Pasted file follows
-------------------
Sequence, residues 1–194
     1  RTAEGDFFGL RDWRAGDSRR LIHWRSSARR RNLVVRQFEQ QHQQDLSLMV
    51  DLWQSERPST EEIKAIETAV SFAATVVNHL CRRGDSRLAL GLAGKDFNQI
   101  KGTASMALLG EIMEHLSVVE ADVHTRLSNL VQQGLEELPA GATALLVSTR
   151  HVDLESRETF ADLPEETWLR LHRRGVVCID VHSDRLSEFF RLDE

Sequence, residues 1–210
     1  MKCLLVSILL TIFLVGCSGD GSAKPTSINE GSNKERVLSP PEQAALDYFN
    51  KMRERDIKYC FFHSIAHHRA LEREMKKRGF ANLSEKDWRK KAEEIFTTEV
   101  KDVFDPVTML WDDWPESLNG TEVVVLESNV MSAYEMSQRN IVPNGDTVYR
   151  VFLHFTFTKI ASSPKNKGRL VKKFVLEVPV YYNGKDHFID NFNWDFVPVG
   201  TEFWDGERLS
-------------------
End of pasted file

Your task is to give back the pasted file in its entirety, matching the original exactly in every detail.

Sequence, residues 1–194
     1  RTAEGDFFGL RDWRAGDSRR LIHWRSSARR RNLVVRQFEQ QHQQDLSLMV
    51  DLWQSERPST EEIKAIETAV SFAATVVNHL CRRGDSRLAL GLAGKDFNQI
   101  KGTASMALLG EIMEHLSVVE ADVHTRLSNL VQQGLEELPA GATALLVSTR
   151  HVDLESRETF ADLPEETWLR LHRRGVVCID VHSDRLSEFF RLDE

Sequence, residues 1–210
     1  MKCLLVSILL TIFLVGCSGD GSAKPTSINE GSNKERVLSP PEQAALDYFN
    51  KMRERDIKYC FFHSIAHHRA LEREMKKRGF ANLSEKDWRK KAEEIFTTEV
   101  KDVFDPVTML WDDWPESLNG TEVVVLESNV MSAYEMSQRN IVPNGDTVYR
   151  VFLHFTFTKI ASSPKNKGRL VKKFVLEVPV YYNGKDHFID NFNWDFVPVG
   201  TEFWDGERLS